Sewanee society is split three ways between the wealthy white population, the compliant African-American population (who could be middle-class small business and farm owners as well as poorer domestics and workers) and poor whites. Those who understood how segregation worked across these economic, cultural and racial divides could co-exist however, this harmony was easily disrupted should anyone cross the line. This is the time of the ‘law of the south’ which allowed a white person to treat a black person as they wished.
His boyhood dreams were doomed as a kid with black blood in him could not attend school - that was for white kids only. Yet he longed to go to school, just as he longed to become a cadet.
Ely wanted to be judged by his deeds, such as industrious hard work and his focus when learning a new task such as raking leaves, shoe-shining, collecting herbal remedies and wild foods, hunting animals for their skins, training hunting dogs, shooting a pistol or rifle, saving and later lending money, training to be a boxer and then car mechanic and learning to read and write. He's exceedingly enterprising in any job, being fastidious and abstemious and quickly making himself indispensable to whomsoever he finds himself working.
Key to Ely’s life is him thinking something about him was not fair. It's the struggle against the fairness of the world that is his motivation and what constantly leads to confrontation and his near demise. In his mid teens he realises that if treated as a ‘nigger’ then he will always either be a ‘boy’ and when much old an ‘Uncle Sam’. It is during a confrontation, during which a group of white men when out hunting want to take Ely’s catch that he pulls a gun and has to quickly leave the town and state.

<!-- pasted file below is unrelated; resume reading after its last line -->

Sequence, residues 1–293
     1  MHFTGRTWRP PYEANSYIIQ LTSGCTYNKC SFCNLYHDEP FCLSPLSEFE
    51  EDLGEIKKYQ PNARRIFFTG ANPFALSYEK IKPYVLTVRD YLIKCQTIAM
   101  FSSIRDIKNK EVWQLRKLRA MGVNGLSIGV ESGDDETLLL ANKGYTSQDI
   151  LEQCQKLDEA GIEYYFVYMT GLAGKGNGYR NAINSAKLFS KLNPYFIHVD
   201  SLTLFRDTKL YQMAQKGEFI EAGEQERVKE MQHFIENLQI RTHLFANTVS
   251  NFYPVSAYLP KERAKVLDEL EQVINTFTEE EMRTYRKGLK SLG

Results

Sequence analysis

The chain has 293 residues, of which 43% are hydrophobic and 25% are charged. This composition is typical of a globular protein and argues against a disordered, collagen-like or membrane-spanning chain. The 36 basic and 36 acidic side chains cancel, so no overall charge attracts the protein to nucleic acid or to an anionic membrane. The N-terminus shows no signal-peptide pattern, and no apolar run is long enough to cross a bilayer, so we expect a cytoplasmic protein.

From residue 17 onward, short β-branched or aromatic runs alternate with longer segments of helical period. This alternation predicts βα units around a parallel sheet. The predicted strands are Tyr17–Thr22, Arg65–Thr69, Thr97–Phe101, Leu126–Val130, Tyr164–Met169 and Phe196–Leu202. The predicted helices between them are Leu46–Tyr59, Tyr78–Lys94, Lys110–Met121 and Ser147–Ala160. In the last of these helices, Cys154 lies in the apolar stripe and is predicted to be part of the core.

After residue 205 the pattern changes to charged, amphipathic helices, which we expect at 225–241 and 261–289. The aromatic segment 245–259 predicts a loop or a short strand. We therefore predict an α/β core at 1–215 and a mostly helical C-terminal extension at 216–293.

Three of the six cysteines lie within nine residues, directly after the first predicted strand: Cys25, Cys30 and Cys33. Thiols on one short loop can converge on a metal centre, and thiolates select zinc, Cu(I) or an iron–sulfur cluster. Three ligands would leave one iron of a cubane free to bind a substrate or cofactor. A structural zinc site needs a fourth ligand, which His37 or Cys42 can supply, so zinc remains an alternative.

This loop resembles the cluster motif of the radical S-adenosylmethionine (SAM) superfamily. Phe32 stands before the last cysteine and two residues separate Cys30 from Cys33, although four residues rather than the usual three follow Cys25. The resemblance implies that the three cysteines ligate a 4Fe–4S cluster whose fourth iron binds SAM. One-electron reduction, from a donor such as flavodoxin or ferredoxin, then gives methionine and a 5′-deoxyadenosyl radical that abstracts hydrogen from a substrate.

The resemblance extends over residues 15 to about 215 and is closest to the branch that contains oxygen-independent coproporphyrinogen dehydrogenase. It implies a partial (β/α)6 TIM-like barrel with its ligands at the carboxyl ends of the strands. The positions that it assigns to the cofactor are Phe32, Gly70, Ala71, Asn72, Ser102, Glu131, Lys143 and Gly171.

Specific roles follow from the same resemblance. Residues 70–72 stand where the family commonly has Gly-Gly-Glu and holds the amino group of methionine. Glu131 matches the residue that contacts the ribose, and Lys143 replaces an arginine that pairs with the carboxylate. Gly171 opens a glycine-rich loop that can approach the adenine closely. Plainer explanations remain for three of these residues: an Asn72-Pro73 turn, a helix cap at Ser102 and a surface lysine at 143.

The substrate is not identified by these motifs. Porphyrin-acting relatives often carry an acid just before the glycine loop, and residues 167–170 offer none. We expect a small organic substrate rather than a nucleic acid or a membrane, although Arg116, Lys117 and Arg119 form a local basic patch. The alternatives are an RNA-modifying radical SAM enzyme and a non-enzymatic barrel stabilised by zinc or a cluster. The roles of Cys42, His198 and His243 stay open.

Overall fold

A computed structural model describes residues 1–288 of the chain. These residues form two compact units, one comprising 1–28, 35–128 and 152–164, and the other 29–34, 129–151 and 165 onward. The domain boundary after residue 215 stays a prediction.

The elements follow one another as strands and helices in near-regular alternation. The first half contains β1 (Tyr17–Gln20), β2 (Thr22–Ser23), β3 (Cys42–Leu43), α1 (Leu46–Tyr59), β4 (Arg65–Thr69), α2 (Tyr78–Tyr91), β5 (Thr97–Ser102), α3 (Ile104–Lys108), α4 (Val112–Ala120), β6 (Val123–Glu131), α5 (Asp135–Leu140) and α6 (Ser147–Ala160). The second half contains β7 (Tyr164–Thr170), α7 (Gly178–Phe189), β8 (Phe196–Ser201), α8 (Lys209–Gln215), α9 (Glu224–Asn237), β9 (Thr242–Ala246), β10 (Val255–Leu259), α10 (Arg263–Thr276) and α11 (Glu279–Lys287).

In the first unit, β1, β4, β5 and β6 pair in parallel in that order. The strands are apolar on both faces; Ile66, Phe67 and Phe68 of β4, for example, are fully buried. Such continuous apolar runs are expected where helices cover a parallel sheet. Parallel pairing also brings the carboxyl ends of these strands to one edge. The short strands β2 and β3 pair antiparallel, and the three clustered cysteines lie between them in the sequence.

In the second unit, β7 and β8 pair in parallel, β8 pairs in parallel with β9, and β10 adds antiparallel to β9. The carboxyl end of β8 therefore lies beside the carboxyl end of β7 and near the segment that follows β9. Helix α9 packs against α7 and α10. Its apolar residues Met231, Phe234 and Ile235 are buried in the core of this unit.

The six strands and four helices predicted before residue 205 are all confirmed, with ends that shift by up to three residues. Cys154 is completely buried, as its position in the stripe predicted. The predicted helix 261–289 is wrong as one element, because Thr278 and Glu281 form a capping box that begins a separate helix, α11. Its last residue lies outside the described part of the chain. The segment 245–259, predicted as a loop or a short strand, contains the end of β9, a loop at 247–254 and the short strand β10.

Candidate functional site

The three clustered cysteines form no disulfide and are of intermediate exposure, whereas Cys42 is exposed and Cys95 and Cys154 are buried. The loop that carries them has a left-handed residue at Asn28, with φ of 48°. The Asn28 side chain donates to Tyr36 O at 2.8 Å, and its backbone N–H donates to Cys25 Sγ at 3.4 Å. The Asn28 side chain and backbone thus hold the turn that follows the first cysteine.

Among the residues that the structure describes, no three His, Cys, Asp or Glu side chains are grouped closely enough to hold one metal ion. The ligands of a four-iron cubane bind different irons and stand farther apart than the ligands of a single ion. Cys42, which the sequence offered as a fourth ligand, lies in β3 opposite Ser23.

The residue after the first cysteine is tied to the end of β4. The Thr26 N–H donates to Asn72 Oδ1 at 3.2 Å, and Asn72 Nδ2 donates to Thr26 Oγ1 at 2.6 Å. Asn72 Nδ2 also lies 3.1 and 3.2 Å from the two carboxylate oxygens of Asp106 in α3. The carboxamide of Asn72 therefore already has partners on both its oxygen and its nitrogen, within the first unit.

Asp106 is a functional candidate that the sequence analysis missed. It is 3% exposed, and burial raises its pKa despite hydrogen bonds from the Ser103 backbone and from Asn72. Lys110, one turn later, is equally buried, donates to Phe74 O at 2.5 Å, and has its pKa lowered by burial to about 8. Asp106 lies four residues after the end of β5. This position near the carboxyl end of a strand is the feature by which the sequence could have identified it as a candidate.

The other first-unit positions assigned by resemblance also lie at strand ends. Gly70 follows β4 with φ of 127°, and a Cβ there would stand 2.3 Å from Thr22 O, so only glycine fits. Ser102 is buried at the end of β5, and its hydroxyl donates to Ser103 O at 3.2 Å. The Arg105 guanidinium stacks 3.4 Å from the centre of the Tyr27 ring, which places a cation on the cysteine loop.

The most well-off white families were eager to have the best-looking African-American servants and Ely being blessed with matinee idol looks was such a find.
It is while working in a gang paving new roads in Waxahachie, Texas that he caught the eye of local businessman Judge Oscar Dunlap who picked Ely out to work directly for him. Good looking, courteous and an able listener, Ely was soon all but adopted by the ‘Judge’ and the Judge’s wife whom Ely called ‘Mother’ and daughter Ella. Though a generously paid servant cum chauffeur and bank courrier Ely was increasingly treated more like a youngest child and was even known as ‘Ely Dunlap’ to strangers. It is when working for the Judge that Ely gets an education of sorts: every day Ely has to find five words to put to the Judge for discussion and to improve his English and his handwriting Ely is told to keep a diary which he then keeps up for life and forms that basis for this extraordinary account ‘Too Black, Too White’.